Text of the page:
Iron Dome Gets Congressional Boost

In the wake of Israel's Iron Dome anti-missile success record in knocking down Palestinian missiles and rockets fired from Gaza earlier this month and the smuggling of more power Iranian missiles into Gaza, Rep. Howard Berman (D-CA) introduced legislation to increase American funding for the advanced weapon defense system.

The legislation, which authorizes the President to provide additional funding if requested by the Israeli government, sets no dollar amount, but a formal request is expected shortly.  Last year the United States provided $205 million for Iron Dome. 

Cosponsoring the bill are Foreign Affairs Committee Chairman Ileana Ros-Lehtinen (R-FL), U.S. Rep. Gary Ackerman (D-NY), Ranking Member of the Middle East and South Asia Subcommittee, U.S. Rep. Steve Chabot (R-OH), the Chairman of the Middle East and South Asia Subcommittee, U.S. Rep. David Cicilline (D-RI), and U.S. Rep. Ann Marie Buerkle (R-NY). 

In responding to the recent round of attacks by terrorist groups in Gaza, the first operational test for the missile interceptor "achieved some notable successes," said Mark A. Heller of Tel Aviv University's Institute for National Security Studies.  "It was able to discriminate between rockets likely to land in open areas and those headed for population centers, and to refrain from wasting itself on the former while intercepting about 80 percent of the latter."  The IDF has put the success rate at 90 percent.

Israeli Amb. Michael Oren has said Israel needs at least 10 more Iron Dome batteries in addition to the three currently deployed and in southern Israel and two more under construction. The goal is 16 batteries to cover all of Israel, including the Syrian and Lebanese-Hizbullah borders in the north.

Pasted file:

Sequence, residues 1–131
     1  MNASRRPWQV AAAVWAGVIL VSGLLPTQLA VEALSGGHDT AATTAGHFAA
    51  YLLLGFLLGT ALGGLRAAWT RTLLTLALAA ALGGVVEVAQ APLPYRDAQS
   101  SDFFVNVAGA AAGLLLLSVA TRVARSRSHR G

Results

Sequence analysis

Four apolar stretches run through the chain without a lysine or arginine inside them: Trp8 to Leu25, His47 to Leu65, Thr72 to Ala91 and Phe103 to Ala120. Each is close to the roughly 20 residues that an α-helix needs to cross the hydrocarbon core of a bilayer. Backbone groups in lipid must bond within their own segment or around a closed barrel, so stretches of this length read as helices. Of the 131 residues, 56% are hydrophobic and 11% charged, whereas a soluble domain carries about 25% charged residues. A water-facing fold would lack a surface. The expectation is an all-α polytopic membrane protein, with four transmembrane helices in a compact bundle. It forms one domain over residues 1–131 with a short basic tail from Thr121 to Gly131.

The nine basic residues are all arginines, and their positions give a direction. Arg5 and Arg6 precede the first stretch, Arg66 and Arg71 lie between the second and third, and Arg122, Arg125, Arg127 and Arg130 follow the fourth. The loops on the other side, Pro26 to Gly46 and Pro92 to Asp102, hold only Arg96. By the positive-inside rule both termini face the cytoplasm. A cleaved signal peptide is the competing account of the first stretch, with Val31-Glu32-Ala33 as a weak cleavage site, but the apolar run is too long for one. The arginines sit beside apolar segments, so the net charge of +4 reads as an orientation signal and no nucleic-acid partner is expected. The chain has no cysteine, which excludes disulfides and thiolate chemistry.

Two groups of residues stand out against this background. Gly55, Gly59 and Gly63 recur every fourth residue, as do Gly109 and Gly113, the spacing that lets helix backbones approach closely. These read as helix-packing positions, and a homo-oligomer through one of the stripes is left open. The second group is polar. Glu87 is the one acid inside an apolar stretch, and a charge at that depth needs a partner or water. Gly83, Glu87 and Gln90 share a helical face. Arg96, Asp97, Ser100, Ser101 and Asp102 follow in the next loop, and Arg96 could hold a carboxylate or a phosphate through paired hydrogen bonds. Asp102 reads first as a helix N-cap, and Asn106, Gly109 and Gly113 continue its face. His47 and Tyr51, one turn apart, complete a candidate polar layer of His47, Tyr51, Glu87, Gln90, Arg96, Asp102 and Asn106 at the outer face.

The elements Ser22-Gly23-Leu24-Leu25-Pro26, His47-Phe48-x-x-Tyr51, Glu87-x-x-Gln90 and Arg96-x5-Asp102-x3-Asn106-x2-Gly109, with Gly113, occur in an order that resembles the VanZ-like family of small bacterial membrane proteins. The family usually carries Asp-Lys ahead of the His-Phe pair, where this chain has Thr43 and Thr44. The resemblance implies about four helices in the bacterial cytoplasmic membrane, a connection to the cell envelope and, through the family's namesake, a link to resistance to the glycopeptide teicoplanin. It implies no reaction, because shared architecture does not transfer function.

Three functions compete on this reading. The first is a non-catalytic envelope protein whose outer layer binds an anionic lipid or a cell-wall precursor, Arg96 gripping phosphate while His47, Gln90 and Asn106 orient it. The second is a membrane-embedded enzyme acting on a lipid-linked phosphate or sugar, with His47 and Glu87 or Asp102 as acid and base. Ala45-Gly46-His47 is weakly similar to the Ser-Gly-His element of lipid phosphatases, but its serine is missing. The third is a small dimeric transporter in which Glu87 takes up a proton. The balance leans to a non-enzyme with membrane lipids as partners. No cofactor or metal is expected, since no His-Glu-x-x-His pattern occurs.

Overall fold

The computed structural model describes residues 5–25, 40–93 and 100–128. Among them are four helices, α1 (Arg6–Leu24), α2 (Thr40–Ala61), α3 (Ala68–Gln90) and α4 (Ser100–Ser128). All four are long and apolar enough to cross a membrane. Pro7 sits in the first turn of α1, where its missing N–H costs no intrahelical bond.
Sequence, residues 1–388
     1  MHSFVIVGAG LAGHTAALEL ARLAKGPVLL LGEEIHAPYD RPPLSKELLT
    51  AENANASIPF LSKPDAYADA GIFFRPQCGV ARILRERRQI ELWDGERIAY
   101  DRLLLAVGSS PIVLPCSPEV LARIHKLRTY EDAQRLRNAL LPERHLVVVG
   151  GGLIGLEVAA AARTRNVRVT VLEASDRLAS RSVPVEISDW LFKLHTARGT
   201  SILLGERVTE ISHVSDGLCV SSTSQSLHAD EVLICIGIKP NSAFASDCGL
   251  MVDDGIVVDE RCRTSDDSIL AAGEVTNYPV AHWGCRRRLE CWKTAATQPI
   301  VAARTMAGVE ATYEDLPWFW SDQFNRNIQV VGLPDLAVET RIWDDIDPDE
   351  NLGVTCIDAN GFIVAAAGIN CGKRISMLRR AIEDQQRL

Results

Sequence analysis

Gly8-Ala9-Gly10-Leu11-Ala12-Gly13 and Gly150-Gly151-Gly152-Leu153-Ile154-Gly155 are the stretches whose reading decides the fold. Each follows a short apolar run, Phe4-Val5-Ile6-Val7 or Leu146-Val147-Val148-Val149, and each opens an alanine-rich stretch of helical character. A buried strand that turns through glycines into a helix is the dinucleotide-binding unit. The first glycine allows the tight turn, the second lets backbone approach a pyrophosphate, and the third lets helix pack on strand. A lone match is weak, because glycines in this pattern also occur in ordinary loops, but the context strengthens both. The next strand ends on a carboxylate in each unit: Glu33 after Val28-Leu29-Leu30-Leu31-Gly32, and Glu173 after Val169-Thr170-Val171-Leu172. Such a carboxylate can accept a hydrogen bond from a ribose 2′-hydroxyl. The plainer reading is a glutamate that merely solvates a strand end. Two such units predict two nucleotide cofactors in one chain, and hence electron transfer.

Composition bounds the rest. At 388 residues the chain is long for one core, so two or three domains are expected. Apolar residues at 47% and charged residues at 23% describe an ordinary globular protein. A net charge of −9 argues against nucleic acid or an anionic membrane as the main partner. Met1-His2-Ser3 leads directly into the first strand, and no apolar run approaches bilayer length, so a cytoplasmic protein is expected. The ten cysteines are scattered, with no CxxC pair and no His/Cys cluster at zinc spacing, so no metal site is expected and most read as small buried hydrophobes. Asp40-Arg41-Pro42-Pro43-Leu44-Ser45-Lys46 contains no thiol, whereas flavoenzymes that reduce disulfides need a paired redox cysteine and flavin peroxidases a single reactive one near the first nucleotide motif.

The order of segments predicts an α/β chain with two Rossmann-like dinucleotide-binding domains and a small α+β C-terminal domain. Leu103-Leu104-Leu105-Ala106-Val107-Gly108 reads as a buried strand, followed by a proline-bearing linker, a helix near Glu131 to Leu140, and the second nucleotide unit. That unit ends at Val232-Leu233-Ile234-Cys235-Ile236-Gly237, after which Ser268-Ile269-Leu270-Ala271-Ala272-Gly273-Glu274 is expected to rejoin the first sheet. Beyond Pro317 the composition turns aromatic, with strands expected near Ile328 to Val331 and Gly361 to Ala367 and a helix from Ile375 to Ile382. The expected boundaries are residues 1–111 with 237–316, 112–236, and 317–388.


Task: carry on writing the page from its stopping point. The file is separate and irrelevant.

Iron Dome doesn't go after every missile fired at Israel but is able to determine which are headed for populated areas and ignore those that are most likely to strike harmlessly.

Dov Raviv, an Israeli expert in missile defense, has said that without Iron Dome interceptors the only way to stop the missiles and protect the residents of southern Israel "would be to occupy Gaza or go back to Operation Cast Lead."

Iron Dome is designed to defend against missiles fired from between 2.5 and 45 miles away but reportedly is not yet able to intercept longer-range Fajr missiles, supplied and built by Iran and capable of hitting Tel Aviv from Gaza. 

Despite this month's success record, Iron Dome has not been tested against a massive barrage fired from Gaza or Lebanon, as happened prior years.

"The real test will come when the number of rockets is more significant and the potential damage also increases," said an Israeli air force commander. 

About the Author
Douglas M. Bloomfield is a syndicated columnist, Washington lobbyist and consultant. He spent nine years as the legislative director and chief lobbyist for AIPAC.